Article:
NEW! Costs Law Reports 2016/1
Milton Keynes NHS Foundation Trust v Hyde  1 Costs LR 1: Conditional fee agreements; transfer from legal aid to CFAs before discharge of certificate where increase in limitation insufficient to bring case to a conclusion; whether “topping up” rendered the CFA is unenforceable under ss 10(1) and 22(2) Access to Justice Act 1999.
Clutterbuck and Paton v HSBC plc and Others  1 Costs LR 13: Costs of discontinuance under CPR 38 on the indemnity basis: principles applying where the discontinued action contains allegations of fraud.
Sinclair and Another v Dorsey & Whitney (Europe) LLP and Others  1 Costs LR 19: Striking out a claim for failure to comply with an order for security for costs: relief from sanctions under CPR 3.9.
Solicitors Regulation Authority v Spector; Solicitors Regulation Authority v The Solicitors Disciplinary Tribunal and Spector  1 Costs LR 35: Solicitors Act 1974 s 47(2); tribunal’s discretion to make costs order.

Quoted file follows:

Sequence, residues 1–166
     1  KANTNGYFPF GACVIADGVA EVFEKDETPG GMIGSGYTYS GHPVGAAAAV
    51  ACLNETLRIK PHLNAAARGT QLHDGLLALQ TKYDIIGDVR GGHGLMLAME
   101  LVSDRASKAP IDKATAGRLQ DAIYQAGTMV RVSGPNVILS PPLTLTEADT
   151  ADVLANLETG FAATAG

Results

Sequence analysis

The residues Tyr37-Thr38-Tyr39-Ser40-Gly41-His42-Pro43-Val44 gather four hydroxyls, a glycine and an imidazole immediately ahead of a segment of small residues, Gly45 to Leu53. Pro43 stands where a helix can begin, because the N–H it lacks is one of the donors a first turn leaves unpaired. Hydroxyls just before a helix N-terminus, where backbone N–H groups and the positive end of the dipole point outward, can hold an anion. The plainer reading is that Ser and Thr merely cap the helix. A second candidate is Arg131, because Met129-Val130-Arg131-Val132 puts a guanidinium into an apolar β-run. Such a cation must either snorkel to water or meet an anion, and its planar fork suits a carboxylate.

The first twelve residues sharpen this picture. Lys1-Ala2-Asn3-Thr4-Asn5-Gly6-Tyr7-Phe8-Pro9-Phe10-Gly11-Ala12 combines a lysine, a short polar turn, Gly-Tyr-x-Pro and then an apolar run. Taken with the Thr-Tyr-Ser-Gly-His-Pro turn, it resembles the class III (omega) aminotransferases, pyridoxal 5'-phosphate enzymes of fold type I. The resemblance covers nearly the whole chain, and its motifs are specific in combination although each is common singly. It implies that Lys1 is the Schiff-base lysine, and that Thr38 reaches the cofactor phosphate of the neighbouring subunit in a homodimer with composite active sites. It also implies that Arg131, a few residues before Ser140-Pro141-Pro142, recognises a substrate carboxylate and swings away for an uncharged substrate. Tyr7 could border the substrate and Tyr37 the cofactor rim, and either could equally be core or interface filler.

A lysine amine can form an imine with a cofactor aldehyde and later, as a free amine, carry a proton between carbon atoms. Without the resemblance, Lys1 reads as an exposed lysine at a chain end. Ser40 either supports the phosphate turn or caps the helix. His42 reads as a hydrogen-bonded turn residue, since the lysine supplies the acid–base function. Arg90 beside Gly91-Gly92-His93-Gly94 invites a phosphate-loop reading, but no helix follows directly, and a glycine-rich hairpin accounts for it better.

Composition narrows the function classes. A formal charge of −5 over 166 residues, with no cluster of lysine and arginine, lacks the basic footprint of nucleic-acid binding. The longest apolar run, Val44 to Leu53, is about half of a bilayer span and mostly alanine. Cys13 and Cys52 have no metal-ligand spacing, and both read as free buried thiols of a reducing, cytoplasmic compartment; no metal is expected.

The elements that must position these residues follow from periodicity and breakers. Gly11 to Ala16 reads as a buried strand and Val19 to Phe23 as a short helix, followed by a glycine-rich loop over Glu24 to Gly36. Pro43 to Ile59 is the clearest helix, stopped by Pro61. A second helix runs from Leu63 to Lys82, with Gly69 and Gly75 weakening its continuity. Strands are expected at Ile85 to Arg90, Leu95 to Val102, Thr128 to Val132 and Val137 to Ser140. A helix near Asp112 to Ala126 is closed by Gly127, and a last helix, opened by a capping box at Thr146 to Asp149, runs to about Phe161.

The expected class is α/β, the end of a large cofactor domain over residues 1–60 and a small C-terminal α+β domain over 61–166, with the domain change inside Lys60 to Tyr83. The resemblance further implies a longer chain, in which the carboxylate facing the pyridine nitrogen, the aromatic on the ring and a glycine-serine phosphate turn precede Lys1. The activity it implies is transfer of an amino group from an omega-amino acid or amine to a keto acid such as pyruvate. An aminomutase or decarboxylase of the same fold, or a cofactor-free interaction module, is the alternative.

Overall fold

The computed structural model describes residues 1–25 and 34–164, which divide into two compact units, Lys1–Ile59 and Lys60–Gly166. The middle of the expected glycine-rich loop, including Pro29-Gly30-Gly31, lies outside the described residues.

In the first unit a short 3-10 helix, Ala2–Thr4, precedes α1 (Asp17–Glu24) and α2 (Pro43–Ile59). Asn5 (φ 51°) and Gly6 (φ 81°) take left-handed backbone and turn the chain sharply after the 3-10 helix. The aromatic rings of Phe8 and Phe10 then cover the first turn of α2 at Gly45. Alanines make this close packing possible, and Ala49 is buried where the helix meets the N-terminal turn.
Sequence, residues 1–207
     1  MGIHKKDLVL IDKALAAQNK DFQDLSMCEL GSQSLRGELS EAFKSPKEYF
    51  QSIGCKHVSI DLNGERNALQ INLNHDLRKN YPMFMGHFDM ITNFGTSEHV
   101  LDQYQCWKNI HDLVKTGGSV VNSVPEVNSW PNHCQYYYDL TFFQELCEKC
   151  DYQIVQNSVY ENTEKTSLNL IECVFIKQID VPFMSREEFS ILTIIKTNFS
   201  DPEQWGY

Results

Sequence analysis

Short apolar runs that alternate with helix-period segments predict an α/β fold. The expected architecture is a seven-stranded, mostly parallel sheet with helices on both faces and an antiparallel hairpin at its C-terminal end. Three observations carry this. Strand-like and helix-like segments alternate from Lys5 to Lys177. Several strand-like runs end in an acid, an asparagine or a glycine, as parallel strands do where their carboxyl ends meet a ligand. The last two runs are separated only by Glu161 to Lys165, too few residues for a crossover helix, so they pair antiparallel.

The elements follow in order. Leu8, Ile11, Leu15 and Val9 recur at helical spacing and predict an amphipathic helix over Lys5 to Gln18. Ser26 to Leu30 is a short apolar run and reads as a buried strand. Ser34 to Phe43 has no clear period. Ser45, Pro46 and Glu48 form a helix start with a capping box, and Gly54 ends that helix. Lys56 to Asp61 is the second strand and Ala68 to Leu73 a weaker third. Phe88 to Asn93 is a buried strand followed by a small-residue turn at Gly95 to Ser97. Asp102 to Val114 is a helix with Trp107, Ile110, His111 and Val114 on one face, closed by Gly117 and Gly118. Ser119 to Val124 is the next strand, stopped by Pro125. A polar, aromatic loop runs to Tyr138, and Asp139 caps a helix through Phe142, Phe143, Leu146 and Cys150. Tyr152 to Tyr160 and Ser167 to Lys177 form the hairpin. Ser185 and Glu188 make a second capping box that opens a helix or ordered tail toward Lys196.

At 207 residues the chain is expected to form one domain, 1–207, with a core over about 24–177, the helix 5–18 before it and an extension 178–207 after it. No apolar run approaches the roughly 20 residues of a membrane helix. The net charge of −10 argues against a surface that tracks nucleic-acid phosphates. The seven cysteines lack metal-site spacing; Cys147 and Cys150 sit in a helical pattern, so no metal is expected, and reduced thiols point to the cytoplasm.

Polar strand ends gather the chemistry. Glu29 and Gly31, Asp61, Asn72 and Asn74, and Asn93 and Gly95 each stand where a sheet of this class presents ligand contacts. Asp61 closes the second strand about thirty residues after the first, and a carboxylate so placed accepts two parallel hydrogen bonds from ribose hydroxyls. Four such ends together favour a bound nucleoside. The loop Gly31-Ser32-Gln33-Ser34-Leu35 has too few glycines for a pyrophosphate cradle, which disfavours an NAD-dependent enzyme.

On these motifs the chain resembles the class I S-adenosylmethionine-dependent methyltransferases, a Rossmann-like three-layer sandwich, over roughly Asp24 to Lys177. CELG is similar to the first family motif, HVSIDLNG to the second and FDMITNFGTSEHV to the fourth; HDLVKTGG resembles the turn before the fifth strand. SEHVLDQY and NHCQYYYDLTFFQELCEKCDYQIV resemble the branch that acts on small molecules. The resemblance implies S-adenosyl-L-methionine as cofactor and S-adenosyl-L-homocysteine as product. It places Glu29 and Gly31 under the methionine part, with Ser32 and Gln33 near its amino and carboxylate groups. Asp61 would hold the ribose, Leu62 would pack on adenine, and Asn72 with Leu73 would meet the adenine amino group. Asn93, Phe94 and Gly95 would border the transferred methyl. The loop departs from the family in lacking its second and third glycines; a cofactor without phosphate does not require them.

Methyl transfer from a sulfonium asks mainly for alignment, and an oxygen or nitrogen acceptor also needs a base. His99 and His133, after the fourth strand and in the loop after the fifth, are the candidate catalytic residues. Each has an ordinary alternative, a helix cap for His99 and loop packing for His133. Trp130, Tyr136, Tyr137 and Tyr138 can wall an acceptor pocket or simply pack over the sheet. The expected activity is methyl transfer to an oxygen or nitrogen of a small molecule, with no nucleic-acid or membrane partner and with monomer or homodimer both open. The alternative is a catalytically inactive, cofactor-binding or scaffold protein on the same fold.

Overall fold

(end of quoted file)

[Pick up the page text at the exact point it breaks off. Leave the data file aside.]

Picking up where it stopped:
Garnat Trading & Shipping (Singapore) Pte Ltd v Thomas Cooper (a Firm)  1 Costs LR 45: Variation of a conditional fee agreement: whether provisions which offended against s 58 Courts and Legal Services Act 1990 could be severed so that the CFA was not rendered unenforceable for want of compliance with that section.
C&S Associates UK Ltd v Enterprise Insurance Company plc  1 Costs LR 61: Preliminary issues: costs of an expert’s report served by the claimant for which no permission had been given for the inclusion of a lengthy section: order that whatever the future course of the case, the claimant would bear 100% of the costs of the report and 80% of the costs of preparing bundles of bundles containing the report.
Mohidin and Others v Commissioner of the Police of the Metropolis and Others  1 Costs LR 71: Proceedings for false imprisonment, assault and exemplary damages: contribution to the defendant’s costs to be made by third parties under Civil Liability (Contribution) Act 1978: proportionality where costs significantly exceed damages.
Sugar Hut Group Ltd and Others v AJ Insurance Service (a Partnership)  1 Costs LR 109: CPR 44.2, court’s discretion as to costs; CPR Part 36; mischaracterisation of the claimant’s conduct as a reason for disallowing costs.
Jockey Club Racecourse Ltd v Willmott Dixon Construction Ltd  1 Costs LR 123: CPR 36.17, indemnity costs; validity of CPR Part 36 offer where it did not relect a possible outcome but was made purely for commercial reasons.
Global Flood Defence Systems Ltd and Another v Johan Van Den Noort Beheer BV and Others  1 Costs LR 137: CPR 45.31(1)(a), scale costs for claims in the Intellectual Property Enterprise Court.